While giving evidence to Matthew Taylor’s review of modern employment practices recently, IPSE (The Association of Independent Professionals and the Self-Employed) called for a statutory definition of self-employment to end confusion about who is and who isn’t self-employed.
There are currently definitions in law for what it means to be an employee and what it means to be classified as a worker, but there is no definition for self-employment.
IPSE suggest that the definition should be based around four key criteria:
- Having autonomy in their work – for freelancers this means the ability to send substitutes. There is also no requirement to do work outside what is agreed.
- Having control over working arrangements – self-employed people are able to decide how to complete their tasks and the hours and location they choose to work in.
- Taking on business risk -the self-employed take responsibility for their finance and tax responsibilities and can be paid on a per-task basis.
- Level of independence from clients- this would include things such as having to wear a uniform or using your own tools and equipment to complete your work.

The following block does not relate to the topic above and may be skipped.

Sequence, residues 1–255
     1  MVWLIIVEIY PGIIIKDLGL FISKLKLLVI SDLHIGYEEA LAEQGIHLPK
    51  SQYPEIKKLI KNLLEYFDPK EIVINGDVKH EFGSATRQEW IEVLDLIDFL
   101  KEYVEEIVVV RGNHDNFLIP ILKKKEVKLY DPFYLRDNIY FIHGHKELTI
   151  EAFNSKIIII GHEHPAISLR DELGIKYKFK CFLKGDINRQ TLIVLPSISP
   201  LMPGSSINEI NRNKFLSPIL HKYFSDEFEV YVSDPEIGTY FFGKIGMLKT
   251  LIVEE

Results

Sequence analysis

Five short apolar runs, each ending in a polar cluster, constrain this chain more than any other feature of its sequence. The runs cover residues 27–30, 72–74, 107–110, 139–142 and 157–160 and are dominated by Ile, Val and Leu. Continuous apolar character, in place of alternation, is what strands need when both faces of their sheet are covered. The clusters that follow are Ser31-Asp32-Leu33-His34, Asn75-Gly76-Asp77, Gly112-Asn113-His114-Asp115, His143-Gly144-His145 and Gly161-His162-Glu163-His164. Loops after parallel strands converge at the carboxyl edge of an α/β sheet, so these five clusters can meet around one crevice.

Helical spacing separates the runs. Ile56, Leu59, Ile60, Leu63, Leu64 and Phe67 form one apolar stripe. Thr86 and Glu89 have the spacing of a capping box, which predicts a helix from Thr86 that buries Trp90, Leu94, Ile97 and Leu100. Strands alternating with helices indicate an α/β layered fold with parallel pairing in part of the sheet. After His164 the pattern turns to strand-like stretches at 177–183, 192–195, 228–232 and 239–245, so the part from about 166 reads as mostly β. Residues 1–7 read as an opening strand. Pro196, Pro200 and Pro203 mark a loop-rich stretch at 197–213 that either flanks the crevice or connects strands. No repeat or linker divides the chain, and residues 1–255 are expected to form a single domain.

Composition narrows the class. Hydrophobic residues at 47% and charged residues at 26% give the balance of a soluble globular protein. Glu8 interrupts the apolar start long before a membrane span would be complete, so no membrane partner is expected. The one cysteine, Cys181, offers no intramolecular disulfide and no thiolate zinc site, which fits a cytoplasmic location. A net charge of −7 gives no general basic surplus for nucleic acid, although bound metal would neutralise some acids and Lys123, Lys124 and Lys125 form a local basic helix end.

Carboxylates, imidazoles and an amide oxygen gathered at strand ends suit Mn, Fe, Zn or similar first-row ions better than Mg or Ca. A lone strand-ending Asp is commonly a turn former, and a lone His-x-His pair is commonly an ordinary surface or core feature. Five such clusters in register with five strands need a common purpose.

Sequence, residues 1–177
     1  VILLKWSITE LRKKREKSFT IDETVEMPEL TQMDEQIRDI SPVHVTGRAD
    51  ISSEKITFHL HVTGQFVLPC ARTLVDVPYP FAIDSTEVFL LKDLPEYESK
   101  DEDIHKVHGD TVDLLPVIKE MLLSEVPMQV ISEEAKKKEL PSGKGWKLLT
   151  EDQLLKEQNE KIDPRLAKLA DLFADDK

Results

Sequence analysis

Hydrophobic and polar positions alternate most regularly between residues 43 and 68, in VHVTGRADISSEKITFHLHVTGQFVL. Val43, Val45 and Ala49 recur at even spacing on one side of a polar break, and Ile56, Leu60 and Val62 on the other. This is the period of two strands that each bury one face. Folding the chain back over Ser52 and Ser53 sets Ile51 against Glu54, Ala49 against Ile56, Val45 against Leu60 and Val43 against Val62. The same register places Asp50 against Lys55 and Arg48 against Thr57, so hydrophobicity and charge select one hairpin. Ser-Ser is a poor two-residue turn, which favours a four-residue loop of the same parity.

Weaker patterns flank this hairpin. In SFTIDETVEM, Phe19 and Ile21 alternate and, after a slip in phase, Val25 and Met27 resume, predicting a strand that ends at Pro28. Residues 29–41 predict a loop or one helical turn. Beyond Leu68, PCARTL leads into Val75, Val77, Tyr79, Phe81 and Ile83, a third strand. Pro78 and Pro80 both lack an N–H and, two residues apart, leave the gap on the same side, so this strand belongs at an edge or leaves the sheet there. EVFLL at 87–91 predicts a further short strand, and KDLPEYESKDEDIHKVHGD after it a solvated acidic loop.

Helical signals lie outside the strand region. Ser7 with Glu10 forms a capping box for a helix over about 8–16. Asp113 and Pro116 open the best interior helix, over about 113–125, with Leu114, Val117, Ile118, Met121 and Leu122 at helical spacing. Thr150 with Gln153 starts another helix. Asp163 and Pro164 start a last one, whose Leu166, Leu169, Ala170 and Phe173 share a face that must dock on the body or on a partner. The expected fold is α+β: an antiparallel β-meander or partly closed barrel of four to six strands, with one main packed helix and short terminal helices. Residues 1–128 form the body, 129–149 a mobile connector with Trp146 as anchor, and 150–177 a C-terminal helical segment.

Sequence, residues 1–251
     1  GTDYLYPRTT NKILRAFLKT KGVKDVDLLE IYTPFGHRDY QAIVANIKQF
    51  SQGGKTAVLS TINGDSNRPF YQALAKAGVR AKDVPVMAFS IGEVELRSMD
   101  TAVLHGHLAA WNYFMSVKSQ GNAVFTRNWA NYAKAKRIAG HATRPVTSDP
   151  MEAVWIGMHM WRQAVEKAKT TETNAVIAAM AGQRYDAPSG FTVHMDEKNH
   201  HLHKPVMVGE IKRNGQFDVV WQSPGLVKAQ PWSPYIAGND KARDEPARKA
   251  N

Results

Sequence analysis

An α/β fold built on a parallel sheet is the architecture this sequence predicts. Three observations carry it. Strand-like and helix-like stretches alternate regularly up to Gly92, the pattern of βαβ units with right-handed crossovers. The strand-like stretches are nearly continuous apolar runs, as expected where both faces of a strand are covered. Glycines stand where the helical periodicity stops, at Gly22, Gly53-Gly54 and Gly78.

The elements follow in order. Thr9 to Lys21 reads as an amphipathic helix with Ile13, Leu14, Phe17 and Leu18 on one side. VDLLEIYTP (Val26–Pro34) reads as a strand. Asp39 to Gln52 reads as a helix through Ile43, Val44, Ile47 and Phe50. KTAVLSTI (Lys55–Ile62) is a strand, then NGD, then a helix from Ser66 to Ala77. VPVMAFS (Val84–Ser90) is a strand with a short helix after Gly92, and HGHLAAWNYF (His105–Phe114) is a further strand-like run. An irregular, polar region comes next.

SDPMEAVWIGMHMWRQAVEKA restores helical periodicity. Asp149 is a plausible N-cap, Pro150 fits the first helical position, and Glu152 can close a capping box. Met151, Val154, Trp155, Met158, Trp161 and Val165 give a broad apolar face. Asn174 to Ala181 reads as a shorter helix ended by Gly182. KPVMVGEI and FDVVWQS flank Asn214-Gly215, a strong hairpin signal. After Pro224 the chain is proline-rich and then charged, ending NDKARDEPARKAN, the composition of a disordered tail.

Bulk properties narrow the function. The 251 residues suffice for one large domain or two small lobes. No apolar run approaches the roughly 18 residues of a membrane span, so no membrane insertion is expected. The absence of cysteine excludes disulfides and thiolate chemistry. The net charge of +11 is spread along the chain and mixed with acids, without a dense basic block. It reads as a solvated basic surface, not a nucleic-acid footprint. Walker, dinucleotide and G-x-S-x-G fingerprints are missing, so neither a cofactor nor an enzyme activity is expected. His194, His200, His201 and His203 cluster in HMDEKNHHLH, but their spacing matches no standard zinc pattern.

This area of law is under scrutiny from several angles at the moment. We will keep you informed of further developments.
Greenwoods’ Corporate & Commercial and IP teams prepare Essentials to provide you with a summary of recent developments in company and intellectual property law that are likely to have an impact on your business. To talk through any legal issues that arise call David Woods by email or telephone on 01733 887793.
This update is for general purposes and guidance only and does not constitute legal or professional advice. You should seek legal advice before relying on its content. This update relates to the prevailing circumstances at the date of its original publication and may not have been updated to reflect subsequent developments. If you have general queries about our updates, please email: email@example.com